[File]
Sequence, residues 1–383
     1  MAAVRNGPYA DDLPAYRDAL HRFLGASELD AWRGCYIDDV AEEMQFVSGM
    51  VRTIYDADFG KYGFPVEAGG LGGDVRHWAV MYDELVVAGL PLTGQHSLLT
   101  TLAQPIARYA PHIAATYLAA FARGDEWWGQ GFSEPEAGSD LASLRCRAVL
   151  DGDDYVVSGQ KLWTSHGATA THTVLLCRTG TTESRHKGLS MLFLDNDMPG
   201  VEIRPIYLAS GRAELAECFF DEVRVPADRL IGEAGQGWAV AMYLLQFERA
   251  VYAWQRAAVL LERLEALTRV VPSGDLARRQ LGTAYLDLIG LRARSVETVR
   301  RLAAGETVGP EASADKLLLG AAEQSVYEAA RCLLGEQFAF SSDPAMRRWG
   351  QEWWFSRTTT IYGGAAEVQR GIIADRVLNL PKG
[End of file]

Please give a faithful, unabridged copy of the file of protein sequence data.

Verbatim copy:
Sequence, residues 1–383
     1  MAAVRNGPYA DDLPAYRDAL HRFLGASELD AWRGCYIDDV AEEMQFVSGM
    51  VRTIYDADFG KYGFPVEAGG LGGDVRHWAV MYDELVVAGL PLTGQHSLLT
   101  TLAQPIARYA PHIAATYLAA FARGDEWWGQ GFSEPEAGSD LASLRCRAVL
   151  DGDDYVVSGQ KLWTSHGATA THTVLLCRTG TTESRHKGLS MLFLDNDMPG
   201  VEIRPIYLAS GRAELAECFF DEVRVPADRL IGEAGQGWAV AMYLLQFERA
   251  VYAWQRAAVL LERLEALTRV VPSGDLARRQ LGTAYLDLIG LRARSVETVR
   301  RLAAGETVGP EASADKLLLG AAEQSVYEAA RCLLGEQFAF SSDPAMRRWG
   351  QEWWFSRTTT IYGGAAEVQR GIIADRVLNL PKG